One of my classmates and one former boyfriend were now plastic surgeons and I turned to them for help. They were willing, but obviously had never done any veterinary medicine. The vets knew very little about llama medicine and didn't have the special equipment necessary for reconstructive surgery. I put them in touch with each other and amazing things happened. We also found a board-certified surgical vet who agreed to work with them. The idea was to graft a piece of the latissimus dorsi to Mancha's head. A vet anesthetist was called; a Vancouver General Hospital O.R. nurse offered his services, a drug company donated some of the supplies and we got permission to use the V.G.H.'s O.R.'s micro-surgery equipment. A friend of Ben's, a plastic surgeon from Colorado was up visiting and offered his help.

    The O.R. was crowded and the surgery took five hours. As time went on everyone was filled with hope, but the moment of failure occurred right at the end when the anesthetist couldn't maintain Mancha's blood pressure and everyone quickly became concerned. Mancha was taken to a large kennel to recover from his anesthesia. The graft failed. Then he really did get septic. He was brought home and again I was told to put him down. He wouldn't eat; I put alfalfa cubes, molasses, vitamins and grain in a food processor and fed him through a turkey baster. Cathy and Ellen looked after him while I was at work and I spent my evenings, nights and mornings looking after him as best I could.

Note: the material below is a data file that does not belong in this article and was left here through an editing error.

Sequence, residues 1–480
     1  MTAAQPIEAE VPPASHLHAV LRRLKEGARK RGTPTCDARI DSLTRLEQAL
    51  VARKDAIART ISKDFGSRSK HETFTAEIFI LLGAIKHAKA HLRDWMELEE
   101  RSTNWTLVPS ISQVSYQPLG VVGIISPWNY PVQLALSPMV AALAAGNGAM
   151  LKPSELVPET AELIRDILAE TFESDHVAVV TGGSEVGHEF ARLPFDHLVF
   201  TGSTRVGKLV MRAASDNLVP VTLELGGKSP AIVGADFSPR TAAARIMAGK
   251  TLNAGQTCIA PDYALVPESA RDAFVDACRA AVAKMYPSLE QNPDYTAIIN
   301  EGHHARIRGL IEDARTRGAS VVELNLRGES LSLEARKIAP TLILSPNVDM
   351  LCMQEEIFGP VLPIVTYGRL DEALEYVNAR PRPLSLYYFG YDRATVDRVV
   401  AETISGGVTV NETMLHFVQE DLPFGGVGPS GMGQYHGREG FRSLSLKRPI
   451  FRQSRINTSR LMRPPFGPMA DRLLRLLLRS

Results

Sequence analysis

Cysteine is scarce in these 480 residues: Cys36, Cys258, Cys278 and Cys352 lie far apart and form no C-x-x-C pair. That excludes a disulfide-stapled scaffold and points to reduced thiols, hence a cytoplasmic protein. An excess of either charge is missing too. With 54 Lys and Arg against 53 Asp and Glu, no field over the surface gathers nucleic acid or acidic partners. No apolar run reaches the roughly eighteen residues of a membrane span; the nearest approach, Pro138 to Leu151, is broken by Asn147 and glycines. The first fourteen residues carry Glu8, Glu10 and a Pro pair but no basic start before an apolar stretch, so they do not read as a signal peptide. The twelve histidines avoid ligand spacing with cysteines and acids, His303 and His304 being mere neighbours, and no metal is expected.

The dogs and cats slept with him. I covered him with a blanket. Three times a day he was forced to get into the bathtub for his shower. His bloodwork was terrible. He developed an abscess from the surgery and it drained constantly. I felt responsible. I read vet journals, contacted libraries, and paid thousands of dollars for his care.

    One vet involved in his care had always told me that she would tell me when that moment had come. I trusted her and although everyone else told me to give up and put him down, she didn't. One Monday she called me and said unless something changed within the next 48 hours, she too was giving up hope. I had just read an article on antibiotics in llamas and although there was little to go on, I told her to switch him. She said she'd heard about this particular combination in bovine medicine, didn't think it would work in llamas but would be willing to try. Within 48 hours, Mancha lifted his head, he ate and drank on his on and even managed to walk by himself into the bathroom.